Cuba: A Polarizing Paradise. Join us this May!
Cooper Roberts, RPCV Burkina Faso, Next Step Travel Team
Seize the opportunity to engage in historical and colorful conversations with the welcoming Cuban people on a licensed journey to the Caribbean’s vivacious and resilient pearl.
Cuba. What comes to mind when you hear that word? Classic cars and communism? Cigars and the embargo? Guantanamo and Buena Vista? There is perhaps no country in Latin America that evokes such polarizing images. So, this past December, a dozen intrepid explorers joined NPCA’s Next Step Travel program to better understand what it means to be Cuban in our current times. And they did it the way Peace Corps Volunteers know best: by getting on the ground, talking to locals, and exploring the heart of the issues.
They started their adventure by visiting Old Havana: the vibrant, cultural and historic center of the island. Led on a private walking tour by their local guide, one traveler shares, “I could listen to Dayana [the local guide] all day! She was full of important information, and lots of fun.” Throughout the trip, they learned from Dayana and her family, including why she left the countryside to come to Havana, how she still supports the rural village where her mother is from, and how to make traditional Cuban coffee, while visiting her home.
The weekend also included many “amazing [meals], with something interesting in each and every place: rooftop views, old homes with classic sculptures, rum and cigars, candlelight. Each was marvelous in its own way.” At one meal, they were treated to a local treat: dinner with a former Cuban diplomat. Carol Chappell (Russia, 1992-1994), described hearing about his perceptions on the island and its people as a highlight of the trip, continuing to say, “The Next Step Travel trip to Cuba was everything we expected and more: Educational, fun, and informative. My husband and I are still telling people about this all around great trip!”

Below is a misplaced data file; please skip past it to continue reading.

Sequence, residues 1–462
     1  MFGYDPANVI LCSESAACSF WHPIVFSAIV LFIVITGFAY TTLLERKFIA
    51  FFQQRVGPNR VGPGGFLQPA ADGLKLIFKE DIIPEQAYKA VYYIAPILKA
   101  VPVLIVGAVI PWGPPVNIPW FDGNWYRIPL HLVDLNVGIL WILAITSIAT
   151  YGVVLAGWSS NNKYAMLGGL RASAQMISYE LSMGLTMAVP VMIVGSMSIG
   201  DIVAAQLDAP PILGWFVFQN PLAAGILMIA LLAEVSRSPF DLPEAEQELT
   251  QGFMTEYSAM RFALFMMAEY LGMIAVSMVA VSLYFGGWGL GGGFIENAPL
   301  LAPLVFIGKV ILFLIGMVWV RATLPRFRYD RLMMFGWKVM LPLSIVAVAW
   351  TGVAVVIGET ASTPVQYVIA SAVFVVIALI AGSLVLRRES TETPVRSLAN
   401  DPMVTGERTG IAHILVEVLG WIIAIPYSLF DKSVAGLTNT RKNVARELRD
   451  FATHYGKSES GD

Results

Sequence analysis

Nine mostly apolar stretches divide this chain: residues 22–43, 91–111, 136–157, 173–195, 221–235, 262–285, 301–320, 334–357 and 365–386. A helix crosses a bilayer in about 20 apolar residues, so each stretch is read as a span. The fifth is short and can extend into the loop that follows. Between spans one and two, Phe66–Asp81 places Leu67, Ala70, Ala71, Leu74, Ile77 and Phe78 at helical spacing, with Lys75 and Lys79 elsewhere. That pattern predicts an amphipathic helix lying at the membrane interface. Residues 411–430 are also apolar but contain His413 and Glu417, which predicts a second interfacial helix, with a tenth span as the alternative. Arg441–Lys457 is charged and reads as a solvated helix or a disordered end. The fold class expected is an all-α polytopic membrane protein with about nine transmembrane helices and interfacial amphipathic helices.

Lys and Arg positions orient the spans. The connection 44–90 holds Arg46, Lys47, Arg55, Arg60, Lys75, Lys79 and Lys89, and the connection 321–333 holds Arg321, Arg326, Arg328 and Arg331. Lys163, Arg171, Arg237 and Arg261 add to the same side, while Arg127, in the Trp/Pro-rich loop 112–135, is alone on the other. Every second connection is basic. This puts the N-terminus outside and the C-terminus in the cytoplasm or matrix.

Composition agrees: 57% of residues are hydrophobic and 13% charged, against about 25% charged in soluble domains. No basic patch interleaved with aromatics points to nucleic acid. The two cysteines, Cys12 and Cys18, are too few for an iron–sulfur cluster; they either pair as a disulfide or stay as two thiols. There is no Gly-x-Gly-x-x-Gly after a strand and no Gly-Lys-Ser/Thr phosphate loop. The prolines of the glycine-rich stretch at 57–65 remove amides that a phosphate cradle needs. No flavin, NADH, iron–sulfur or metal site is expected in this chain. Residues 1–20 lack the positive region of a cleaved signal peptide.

Throughout the trip, they dove into aspects of Cuban life and the Cuban economy. Visiting a cigar factory, they learned about this export and a lifeblood of the marketplace. In a ration store, the benefits and limitations of the system were, quite literally, visible on its shelves, which were dusted with flour. They visited community-based organizations and local non-profits, with leaders who were “eloquent in their descriptions of the country…. helping us to understand how Cuba works.” Their nights would be spent in a typical Cuban fashion, tasting the island’s best rums and listening to jazz and rumba -- all of which have been exported to the world.
Pauline Banducci (Philippines 1978-80) shared, "YOU MUST GO TO CUBA - LIKE RIGHT NOW!! It is a wonderful country with lovely people. I loved visiting and learning about the culture and hardships of Cuba, alongside amazing RPCVs." We hope you’ll join us in May!